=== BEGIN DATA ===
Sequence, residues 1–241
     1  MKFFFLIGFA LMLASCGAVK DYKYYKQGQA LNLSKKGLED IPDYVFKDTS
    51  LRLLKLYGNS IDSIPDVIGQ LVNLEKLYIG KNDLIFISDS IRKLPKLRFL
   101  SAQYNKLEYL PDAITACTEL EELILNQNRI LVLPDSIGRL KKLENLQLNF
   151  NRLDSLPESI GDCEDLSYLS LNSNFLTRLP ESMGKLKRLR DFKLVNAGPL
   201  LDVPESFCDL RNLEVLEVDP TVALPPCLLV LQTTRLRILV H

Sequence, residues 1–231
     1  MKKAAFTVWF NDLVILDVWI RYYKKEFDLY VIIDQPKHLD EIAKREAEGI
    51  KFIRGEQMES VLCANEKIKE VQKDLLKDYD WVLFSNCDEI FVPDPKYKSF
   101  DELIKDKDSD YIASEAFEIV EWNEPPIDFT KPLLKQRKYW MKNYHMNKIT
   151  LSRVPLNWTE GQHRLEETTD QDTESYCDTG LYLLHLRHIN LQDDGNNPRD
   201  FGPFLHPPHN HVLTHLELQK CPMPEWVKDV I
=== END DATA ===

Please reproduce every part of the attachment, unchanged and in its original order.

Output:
Sequence, residues 1–241
     1  MKFFFLIGFA LMLASCGAVK DYKYYKQGQA LNLSKKGLED IPDYVFKDTS
    51  LRLLKLYGNS IDSIPDVIGQ LVNLEKLYIG KNDLIFISDS IRKLPKLRFL
   101  SAQYNKLEYL PDAITACTEL EELILNQNRI LVLPDSIGRL KKLENLQLNF
   151  NRLDSLPESI GDCEDLSYLS LNSNFLTRLP ESMGKLKRLR DFKLVNAGPL
   201  LDVPESFCDL RNLEVLEVDP TVALPPCLLV LQTTRLRILV H

Sequence, residues 1–231
     1  MKKAAFTVWF NDLVILDVWI RYYKKEFDLY VIIDQPKHLD EIAKREAEGI
    51  KFIRGEQMES VLCANEKIKE VQKDLLKDYD WVLFSNCDEI FVPDPKYKSF
   101  DELIKDKDSD YIASEAFEIV EWNEPPIDFT KPLLKQRKYW MKNYHMNKIT
   151  LSRVPLNWTE GQHRLEETTD QDTESYCDTG LYLLHLRHIN LQDDGNNPRD
   201  FGPFLHPPHN HVLTHLELQK CPMPEWVKDV I